Marda
Arabic transcription(s)
 • Arabicمرده
Marda
Marda
Marda
Location of Marda within Palestine
Coordinates: 32°06′47″N 35°11′44″E / 32.11306°N 35.19556°E / 32.11306; 35.19556Coordinates: 32°06′47″N 35°11′44″E / 32.11306°N 35.19556°E / 32.11306; 35.19556
Palestine grid168/168
StateState of Palestine
GovernorateSalfit
Government
 • TypeVillage council
Elevation449 m (1,473 ft)
Population
 (2007)
 • Total1,992
Name meaningfrom personal name[2]

Marda (Arabic: مرده‎) is a Palestinian town located in the Salfit Governorate in the northern West Bank, 18 kilometers Southwest of Nablus. According to the Palestinian Central Bureau of Statistics, it had a population of 1,992 in 2007.[3]

Location

Marda is located 3.6 kilometers (2.2 mi) north of Salfit. It is bordered by Iskaka and Jamma'in villages to the east, Salfit to the south, Kifl Haris and Qira villages to the west, and Jamma'in village to the north.[1] The Israeli settlement of Ariel lies immediately south of Marda.

History

The village is mentioned by name in the Samaritan Chronicle.[4][5] According to Ellenblum, no remains from the Byzantine era have been found here.[6]

During the Crusader period, Diya' al-Din (1173–1245) writes that there was a Muslim population in the village,[7][8][9] and that followers of Ibn Qudamah lived here.[10] The maternal grandmother of Diya' al-Din came from Marda.[11]

Yakut (1179–1229) noted that Marda was a "village near Nablus."[12]

Sherds from the Crusader/Ayyubid and Mamluk era have been found here.[13] An important Hanbali judge, Amin-ed-dyn 'Abd-er-Rahman, was born in the village in the early 15th century.[14]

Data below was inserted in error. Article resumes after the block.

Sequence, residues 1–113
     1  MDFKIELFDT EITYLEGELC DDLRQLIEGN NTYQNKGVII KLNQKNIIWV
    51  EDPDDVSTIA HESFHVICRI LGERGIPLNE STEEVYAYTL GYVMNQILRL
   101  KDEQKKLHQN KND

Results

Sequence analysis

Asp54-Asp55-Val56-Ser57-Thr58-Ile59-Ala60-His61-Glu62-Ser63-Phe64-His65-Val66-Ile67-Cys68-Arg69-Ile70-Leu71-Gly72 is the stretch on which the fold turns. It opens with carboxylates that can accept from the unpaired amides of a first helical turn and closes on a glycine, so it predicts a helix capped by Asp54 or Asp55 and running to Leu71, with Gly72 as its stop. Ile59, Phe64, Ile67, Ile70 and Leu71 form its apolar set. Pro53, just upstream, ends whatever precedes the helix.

Ottoman era

Marda was incorporated into the Ottoman Empire in 1517 with all of Palestine, and in 1596 it appeared in the tax registers under the name of Marda, as being in the nahiya ("subdistrict") of Jabal Qubal, part of the Sanjak of Nablus. It had a population of 163 household; who were all Muslims. They paid a fixed tax-rate of 33,3 % on agricultural products, including wheat, barley, summer crops, olive trees, goats and beehives, in addition to occasional revenues, a press for olive oil or grape syrup, and a market toll; a total of 25,634 akçe. All of the revenue went to a Muslim charitable endowment.[15] During this era it was an important market town, one of the largest in the area.[13] Sherds from the early Ottoman era have been found here.[13]

In 1838, Edward Robinson noted it as a village, Merda, in the Jurat Merda district, south of Nablus.[16]

In 1870 Victor Guérin observed: "the mosque, now partly destroyed, lies east and west, and seems to have succeeded a Christian church. Before it lies a platform, beside which are a cistern and a small birket. There are also several broken capitals lying on the ground."[17]

In 1882, the PEF's Survey of Western Palestine described Merdah as: "a village of moderate size on low ground surrounded by olives."[5]

British Mandate era

In the 1922 census of Palestine conducted by the British Mandate authorities, Marda had a population of 290 Muslims,[18] increasing in the 1931 census to 356 Muslims in 103 occupied houses.[19]